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Beyond the expected

Ghosts in the shell

By johnboy - 28 May 2013 9

Four Corners have a big piece on the extent of Chinese hacking in Canberra.

While debate rages over Australia’s border security, there’s growing evidence that the greatest threat to Australia’s national security potentially comes from foreign computer hackers. Few in government or business will admit the full extent of the break-ins, with one expert calling it a “dirty little secret”.

Next on Four Corners reporter Andrew Fowler reveals that hackers, working from locations overseas, have targeted key Federal Government departments and major corporations in Australia. Their intention is to steal national security secrets and vital business information.

Speaking with security specialists and insiders, Four Corners also details a number of specific high level break-ins involving Government departments. In each case it explains how the security system might have been breached.

What’s Your opinion?


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9 Responses to
Ghosts in the shell
p1 1:00 pm 29 May 13

Grrrr said :

p1 said :

Perhaps the plans for things like ASIO buildings should not be put on computers?

Perhaps you mean “should not be on computers accessible by Chinese hackers, no matter how hard they try”?

Well, yes, that pretty much is what I thought. The plans, presumably, were drawn up on a pretty secure system, and not at that point hacked. They appear to have been hacked at a later time, when they had filtered down though various levels of security.

It is easy for me to say from the safety of hindsight, but maybe the actual contracting company didn’t need electronic copies on their own system?

johnboy 12:17 pm 29 May 13
Grrrr 2:39 pm 28 May 13

Baggy said :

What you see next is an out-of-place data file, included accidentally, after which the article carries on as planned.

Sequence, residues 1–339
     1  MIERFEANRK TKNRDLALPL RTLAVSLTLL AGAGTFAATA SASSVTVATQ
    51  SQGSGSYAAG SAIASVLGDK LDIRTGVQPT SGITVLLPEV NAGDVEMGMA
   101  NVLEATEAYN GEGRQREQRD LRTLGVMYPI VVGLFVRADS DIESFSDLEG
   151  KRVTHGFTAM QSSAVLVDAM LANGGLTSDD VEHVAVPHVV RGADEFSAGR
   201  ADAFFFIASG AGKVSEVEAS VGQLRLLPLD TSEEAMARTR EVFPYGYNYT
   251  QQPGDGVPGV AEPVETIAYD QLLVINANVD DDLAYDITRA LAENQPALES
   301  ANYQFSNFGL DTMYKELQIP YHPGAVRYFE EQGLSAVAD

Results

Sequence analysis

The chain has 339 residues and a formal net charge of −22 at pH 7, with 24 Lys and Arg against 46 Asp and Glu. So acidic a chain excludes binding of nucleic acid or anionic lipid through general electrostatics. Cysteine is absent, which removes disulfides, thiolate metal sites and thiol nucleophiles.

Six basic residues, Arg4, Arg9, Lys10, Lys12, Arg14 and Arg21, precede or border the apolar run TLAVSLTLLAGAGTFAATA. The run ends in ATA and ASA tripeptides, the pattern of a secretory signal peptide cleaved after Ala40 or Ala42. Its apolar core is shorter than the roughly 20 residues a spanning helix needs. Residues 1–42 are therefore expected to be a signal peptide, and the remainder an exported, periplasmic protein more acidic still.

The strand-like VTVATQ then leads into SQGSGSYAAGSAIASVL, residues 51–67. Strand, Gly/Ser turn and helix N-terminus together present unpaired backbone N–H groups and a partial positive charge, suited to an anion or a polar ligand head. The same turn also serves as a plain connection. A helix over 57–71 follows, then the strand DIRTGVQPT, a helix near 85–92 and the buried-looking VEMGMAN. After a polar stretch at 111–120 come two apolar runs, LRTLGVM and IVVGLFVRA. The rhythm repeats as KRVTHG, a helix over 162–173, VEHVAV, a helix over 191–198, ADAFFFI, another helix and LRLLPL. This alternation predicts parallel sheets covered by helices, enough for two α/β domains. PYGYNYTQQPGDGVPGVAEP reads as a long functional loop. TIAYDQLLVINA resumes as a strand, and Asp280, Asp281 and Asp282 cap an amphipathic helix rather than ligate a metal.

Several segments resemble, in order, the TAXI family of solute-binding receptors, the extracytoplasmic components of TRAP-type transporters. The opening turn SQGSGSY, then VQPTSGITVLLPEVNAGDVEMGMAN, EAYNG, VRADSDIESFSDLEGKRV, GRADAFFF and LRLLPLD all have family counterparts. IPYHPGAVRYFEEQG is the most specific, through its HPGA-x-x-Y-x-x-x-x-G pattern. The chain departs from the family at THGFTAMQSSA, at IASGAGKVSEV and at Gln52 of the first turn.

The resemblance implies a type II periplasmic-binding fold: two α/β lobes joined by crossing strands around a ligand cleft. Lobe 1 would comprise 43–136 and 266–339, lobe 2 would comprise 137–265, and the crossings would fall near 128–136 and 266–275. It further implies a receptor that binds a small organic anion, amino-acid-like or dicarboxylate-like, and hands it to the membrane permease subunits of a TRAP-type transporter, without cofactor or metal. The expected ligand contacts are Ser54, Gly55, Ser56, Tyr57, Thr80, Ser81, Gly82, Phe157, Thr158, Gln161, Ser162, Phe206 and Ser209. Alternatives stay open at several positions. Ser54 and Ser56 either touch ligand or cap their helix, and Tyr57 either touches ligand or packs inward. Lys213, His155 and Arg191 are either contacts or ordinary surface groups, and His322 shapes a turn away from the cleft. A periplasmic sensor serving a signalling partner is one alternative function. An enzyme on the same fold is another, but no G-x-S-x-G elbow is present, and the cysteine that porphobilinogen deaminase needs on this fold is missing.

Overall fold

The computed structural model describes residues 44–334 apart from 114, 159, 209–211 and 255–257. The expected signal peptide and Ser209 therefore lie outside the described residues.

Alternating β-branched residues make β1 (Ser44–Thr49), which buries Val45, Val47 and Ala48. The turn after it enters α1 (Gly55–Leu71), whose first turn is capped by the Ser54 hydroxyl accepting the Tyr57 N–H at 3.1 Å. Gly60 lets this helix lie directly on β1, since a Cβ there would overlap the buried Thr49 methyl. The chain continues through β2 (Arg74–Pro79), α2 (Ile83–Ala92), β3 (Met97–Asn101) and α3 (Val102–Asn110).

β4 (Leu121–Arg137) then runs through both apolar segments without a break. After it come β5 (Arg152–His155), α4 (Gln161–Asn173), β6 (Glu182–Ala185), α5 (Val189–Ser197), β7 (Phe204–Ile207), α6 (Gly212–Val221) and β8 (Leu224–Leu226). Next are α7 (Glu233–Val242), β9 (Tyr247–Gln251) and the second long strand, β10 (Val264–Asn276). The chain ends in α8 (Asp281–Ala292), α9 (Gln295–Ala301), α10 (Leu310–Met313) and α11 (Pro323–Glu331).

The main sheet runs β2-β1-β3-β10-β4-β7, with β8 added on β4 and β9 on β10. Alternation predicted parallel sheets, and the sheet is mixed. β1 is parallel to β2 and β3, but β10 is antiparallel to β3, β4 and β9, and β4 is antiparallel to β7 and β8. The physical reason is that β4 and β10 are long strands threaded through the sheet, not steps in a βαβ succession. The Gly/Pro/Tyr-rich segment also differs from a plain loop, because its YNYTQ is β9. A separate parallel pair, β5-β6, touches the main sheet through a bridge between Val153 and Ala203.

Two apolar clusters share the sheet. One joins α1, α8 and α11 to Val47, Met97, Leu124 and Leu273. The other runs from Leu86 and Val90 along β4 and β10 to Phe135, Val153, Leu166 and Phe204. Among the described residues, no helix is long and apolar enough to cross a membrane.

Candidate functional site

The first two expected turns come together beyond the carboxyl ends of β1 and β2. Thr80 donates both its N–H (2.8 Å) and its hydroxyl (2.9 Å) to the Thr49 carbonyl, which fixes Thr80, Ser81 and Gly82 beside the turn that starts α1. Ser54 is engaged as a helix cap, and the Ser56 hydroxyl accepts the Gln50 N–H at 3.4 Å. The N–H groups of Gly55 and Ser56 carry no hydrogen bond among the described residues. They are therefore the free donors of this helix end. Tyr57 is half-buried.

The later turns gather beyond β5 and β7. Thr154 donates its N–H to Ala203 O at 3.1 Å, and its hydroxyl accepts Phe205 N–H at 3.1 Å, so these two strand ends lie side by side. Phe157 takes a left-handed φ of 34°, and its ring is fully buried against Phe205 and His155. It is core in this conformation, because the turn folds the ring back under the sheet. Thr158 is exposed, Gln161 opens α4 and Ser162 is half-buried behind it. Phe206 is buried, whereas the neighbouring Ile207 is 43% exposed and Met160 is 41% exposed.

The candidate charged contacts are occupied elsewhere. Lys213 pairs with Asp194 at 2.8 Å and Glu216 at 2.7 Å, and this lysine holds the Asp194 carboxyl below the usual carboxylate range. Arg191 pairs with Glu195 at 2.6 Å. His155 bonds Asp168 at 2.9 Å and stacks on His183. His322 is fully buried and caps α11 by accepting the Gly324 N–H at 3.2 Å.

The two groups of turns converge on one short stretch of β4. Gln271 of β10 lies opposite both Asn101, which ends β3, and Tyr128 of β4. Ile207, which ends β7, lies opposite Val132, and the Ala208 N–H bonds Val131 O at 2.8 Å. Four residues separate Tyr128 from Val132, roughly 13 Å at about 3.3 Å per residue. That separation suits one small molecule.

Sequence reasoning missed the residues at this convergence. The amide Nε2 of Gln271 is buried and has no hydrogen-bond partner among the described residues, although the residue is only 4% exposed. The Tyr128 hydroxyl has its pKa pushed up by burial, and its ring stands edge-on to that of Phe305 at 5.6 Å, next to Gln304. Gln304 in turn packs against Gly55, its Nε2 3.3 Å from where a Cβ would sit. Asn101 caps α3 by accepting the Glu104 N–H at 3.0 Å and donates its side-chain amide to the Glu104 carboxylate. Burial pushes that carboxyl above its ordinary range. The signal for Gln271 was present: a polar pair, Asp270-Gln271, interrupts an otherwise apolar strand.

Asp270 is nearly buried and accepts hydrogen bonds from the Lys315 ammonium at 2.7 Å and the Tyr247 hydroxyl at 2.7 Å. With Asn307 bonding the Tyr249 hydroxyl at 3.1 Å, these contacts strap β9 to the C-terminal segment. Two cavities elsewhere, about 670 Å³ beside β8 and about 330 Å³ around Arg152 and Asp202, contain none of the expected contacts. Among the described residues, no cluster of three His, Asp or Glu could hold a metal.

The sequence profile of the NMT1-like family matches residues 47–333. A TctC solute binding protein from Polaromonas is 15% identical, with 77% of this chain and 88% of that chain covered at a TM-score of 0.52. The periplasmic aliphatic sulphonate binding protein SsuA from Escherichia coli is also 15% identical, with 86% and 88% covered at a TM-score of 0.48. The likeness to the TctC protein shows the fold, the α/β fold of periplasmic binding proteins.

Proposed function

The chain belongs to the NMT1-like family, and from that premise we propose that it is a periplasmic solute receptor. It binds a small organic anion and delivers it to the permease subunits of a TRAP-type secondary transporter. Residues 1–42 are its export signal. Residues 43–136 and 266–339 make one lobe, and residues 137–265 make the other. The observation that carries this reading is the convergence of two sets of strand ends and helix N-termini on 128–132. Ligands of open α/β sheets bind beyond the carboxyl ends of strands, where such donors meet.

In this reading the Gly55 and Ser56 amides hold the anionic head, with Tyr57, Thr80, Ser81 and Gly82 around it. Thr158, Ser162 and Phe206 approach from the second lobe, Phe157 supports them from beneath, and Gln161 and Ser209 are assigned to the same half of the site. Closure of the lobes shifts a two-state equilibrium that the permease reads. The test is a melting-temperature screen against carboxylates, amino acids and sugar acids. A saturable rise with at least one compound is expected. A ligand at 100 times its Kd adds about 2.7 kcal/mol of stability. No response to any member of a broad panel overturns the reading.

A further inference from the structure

At the end of the day it takes only one person with a USB, or even plugging a phone into a PC to charge.

Not if the USB port on the classified PC has been disabled.

Grrrr 2:38 pm 28 May 13

p1 said :

Perhaps the plans for things like ASIO buildings should not be put on computers?

Perhaps you mean “should not be on computers accessible by Chinese hackers, no matter how hard they try”?

Presumably these “blueprints” would have drawn a Secret / HP or higher classification. This would have meant that the information was to protected from attack by infrastructure that follows a set of strict and comprehensive rules that apply for that classification. Rules written by people who consider precisely this scenario and know what needs to be done to avoid it.

So the real question is, who was the idiot not following those rules, and why the hell didn’t an assessment pick up the problems?

I’m not sure I agree with all the Green’s statements but there sure needs to be some answers here – and someone deserves to not get paid.

Baggy 2:25 pm 28 May 13

p1 said :

Perhaps the plans for things like ASIO buildings should not be put on computers?

Iran’s Natanz reactor was completely offline, and yet Stuxnet (IIRC) still managed to get into the network. At the end of the day it takes only one person with a USB, or even plugging a phone into a PC to charge.

Dilandach 2:23 pm 28 May 13

p1 said :

Perhaps the plans for things like ASIO buildings should not be put on computers?

So… pen and paper everything, photocopy and post details out to all involved? It’d be a massive undertaking in itself, impractical and impossible to enforce. Somewhere along the line someone would scan something and email it rather than posting it and waiting 3+ days.

p1 1:59 pm 28 May 13

Perhaps the plans for things like ASIO buildings should not be put on computers?

FioBla 1:25 pm 28 May 13

> there’s growing evidence that the greatest threat to Australia’s national security potentially comes from foreign computer hackers

Nonsense. It’s from chipseal roads.

johnboy 1:22 pm 28 May 13

The Greens want an inquiry and justice for local contractors.

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